[8] UEFA Club Licensing and Financial Fair Play Regulations. Nyon, Switzerland: UEFA, 2012. PDF. Article 58-1.

[9] UEFA Club Licensing and Financial Fair Play Regulations. Nyon, Switzerland: UEFA, 2012. PDF. Article 58-2.

[10] UEFA Club Licensing and Financial Fair Play Regulations. Nyon, Switzerland: UEFA, 2012. PDF. Article 61.

[11]  UEFA Club Licensing and Financial Fair Play Regulations. Nyon, Switzerland: UEFA, 2012. PDF. Article 62.

[12] Procedural rules governing the UEFA Club Financial Control Body. Nyon, Switzerland: UEFA, 2012. PDF. Article 4.

[13] Procedural rules governing the UEFA Club Financial Control Body. Nyon, Switzerland: UEFA, 2012. PDF. Article 5.

[14] Procedural rules governing the UEFA Club Financial Control Body. Nyon, Switzerland: UEFA, 2012. PDF. Article 21.

[15] “Football: Uefa Hands out First Financial Fair Play Penalties.” BBC News. BBC, 11 Sept. 2012. Web. 5 Nov. 2012. <>.

[16] Dunbar, Graham. “UEFA to Decide next Month on 23 Clubs in Financial Difficulty | Sports , Football | THE DAILY STAR.” The Daily Star Newspaper. The Daily Star, 5 Oct. 2012. Web. 5 Nov. 2012. <>.

[17] Jones, Matt Scuffham, Rhys, and Neil Maidment. “Special Report: Soccer’s New Goal: Kick the Spending Habit.” Reuters. Thomson Reuters, 12 Aug. 2011. Web. 6 Nov. 2012. <>.

[18] Ibid

[19] UEFA Club Licensing and Financial Fair Play Regulations. Nyon, Switzerland: UEFA, 2012. PDF. Article 58-4.

[20] UEFA Club Licensing and Financial Fair Play Regulations. Nyon, Switzerland: UEFA, 2012. PDF. Article 11.

[21] UEFA Club Licensing and Financial Fair Play Regulations. Nyon, Switzerland: UEFA, 2012. PDF. Article 11.

[22] UEFA Club Licensing and Financial Fair Play Regulations. Nyon, Switzerland: UEFA, 2012. PDF. Article 15-1.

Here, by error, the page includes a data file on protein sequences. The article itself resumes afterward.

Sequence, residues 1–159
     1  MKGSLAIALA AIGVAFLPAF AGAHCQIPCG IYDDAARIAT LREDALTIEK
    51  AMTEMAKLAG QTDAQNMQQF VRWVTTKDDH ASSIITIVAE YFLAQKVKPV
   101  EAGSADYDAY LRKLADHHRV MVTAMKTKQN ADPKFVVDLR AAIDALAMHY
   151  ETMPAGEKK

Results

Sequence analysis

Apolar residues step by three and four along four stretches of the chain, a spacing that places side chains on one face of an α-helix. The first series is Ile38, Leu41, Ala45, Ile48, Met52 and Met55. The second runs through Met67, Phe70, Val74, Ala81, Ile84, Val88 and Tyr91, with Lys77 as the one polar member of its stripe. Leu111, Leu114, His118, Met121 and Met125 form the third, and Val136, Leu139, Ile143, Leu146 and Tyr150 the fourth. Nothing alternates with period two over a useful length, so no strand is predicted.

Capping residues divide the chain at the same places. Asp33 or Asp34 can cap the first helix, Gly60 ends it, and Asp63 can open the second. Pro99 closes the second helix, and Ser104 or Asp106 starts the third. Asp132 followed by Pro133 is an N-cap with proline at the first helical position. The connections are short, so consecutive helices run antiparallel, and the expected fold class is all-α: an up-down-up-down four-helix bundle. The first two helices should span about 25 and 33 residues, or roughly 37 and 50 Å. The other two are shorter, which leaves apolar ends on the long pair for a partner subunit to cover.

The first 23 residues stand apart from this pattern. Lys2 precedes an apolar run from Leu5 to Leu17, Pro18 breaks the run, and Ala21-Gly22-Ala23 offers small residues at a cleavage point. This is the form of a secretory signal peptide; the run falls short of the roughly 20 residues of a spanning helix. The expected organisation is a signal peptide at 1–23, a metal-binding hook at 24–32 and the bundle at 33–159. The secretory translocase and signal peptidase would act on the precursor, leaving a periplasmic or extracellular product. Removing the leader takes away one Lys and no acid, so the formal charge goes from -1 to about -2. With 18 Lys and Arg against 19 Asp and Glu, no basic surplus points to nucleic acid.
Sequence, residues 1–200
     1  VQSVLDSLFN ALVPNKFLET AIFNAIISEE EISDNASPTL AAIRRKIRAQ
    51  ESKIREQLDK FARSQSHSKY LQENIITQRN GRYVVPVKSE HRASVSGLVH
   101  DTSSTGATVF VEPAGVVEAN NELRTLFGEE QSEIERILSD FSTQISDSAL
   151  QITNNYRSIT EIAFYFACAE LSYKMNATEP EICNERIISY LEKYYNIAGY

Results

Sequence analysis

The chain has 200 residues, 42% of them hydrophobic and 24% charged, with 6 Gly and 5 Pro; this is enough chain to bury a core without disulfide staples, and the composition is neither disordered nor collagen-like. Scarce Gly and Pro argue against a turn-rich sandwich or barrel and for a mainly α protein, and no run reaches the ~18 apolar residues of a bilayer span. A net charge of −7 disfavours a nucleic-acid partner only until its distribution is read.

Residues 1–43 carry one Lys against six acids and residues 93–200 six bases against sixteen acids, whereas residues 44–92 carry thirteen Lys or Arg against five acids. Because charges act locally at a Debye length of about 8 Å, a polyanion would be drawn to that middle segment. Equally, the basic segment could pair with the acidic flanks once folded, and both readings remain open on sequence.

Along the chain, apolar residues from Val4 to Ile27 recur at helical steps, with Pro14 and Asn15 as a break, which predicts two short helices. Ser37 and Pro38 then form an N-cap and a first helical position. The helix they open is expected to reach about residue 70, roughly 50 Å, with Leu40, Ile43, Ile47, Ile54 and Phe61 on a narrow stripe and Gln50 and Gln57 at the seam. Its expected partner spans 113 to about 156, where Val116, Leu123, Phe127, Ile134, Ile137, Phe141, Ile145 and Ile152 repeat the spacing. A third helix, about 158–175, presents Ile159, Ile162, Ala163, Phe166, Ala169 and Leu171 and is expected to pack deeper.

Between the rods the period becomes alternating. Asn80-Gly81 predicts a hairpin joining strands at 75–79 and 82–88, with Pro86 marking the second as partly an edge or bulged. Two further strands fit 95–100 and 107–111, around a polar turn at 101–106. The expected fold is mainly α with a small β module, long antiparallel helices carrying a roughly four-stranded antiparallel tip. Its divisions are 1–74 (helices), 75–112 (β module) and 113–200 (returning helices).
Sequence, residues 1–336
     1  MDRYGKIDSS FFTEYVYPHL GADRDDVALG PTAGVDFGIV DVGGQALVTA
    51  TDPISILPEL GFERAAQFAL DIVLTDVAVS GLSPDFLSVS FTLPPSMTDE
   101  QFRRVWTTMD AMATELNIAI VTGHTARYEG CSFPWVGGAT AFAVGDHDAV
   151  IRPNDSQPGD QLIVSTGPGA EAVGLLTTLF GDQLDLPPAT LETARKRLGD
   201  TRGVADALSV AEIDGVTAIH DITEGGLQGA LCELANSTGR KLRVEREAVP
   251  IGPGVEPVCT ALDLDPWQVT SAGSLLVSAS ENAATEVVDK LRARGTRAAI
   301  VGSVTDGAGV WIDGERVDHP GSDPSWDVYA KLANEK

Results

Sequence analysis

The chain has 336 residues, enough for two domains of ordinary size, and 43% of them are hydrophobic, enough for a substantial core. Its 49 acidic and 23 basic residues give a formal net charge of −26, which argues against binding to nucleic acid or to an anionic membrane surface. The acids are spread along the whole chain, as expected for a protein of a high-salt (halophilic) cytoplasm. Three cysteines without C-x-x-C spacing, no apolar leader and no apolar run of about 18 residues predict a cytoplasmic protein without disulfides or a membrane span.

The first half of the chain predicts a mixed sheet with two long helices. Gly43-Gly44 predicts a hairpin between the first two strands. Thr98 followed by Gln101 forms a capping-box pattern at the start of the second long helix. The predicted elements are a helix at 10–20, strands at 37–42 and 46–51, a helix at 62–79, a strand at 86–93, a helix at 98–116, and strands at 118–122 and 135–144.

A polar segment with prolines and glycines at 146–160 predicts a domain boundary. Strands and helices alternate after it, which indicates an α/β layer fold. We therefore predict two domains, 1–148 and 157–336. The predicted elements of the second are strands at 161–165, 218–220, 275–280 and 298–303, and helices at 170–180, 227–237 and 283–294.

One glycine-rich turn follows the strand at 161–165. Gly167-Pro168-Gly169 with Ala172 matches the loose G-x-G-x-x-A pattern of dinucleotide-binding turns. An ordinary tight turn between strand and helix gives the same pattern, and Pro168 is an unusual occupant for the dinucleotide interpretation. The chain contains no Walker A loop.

[23] Hughes, Rob. “THE SATURDAY PROFILE; Former Star on the Soccer Field, Now Trying to Level It.” The New York Times. The New York Times, 31 Oct. 2009. Web. 9 Oct. 2012. <>.

[24] Jones, Matt Scuffham, Rhys, and Neil Maidment. “Special Report: Soccer’s New Goal: Kick the Spending Habit.” Reuters. Thomson Reuters, 12 Aug. 2011. Web. 6 Nov. 2012. <>.

[25] Dobson, Stephen, and John A. Goddard. The Economics of Football. 2nd ed. New York: Cambridge UP, 2001. P. 214.

[26] Kuper, Simon, and Stefan Szymanski. Soccernomics: Why England Loses, Why Germany and Brazil Win, and Why the U.S., Japan, Australia, Turkey and Even Iraq Are Destined to Become the Kings of the World’s Most Popular Sport. New York: Nation, 2009. Page 48.

[27] Robson, Garry. No One Likes Us, We Don’t Care: The Myth and Reality of Millwall Fandom. Oxford: Berg, 2000. P. 137.

All graphs were derived from The Swiss Ramble.

Palestine on the Pitch

“It is unacceptable that children are killed while they play football.” So declares a statement by 62 professional footballers protesting the recent Israeli actions in Gaza. Posted on the website of Frédéric Kanouté, it includes some of the best known names in global football, notably Didier Drogba and Eden Hazard. It is a striking gesture, one with few precedents. It highlights how powerfully football and politics are increasingly intertwined in Israel and Palestine.

The statement expresses “solidarity” with the people of Gaza, and specifically mentions the bombing of a football stadium that resulted in the deaths of four teenage boys. (The Israel Defense Forces claimed the soccer stadium was being used as weapons depot and launching site by Hamas). The footballer’s petition also mentions the arrest of two professional Palestinian footballers. And it insists that it would be immoral, in this context, for Israel to host the upcoming UEFA U-21 Championship. Having this event in Israel, the statement argues, would be a violation of “sporting values.”

There have been such protests before by footballers. The Egyptian international Mohamed Aboutrika famously bared a shirt saying “Sympathize With Gaza” during the African Cup of Nations in Ghana in 2008 (below), and Kanoute had similarly shown a shirt that read “Palestina” after scoring a goal for Seville in 2009.

Still, the new petition represents a more sustained action that draws together a powerful group of players. The size of the petition suggests interestingly some of the ways in which the exchanges and connections built within locker-rooms and on the pitch can become the basis for political mobilization.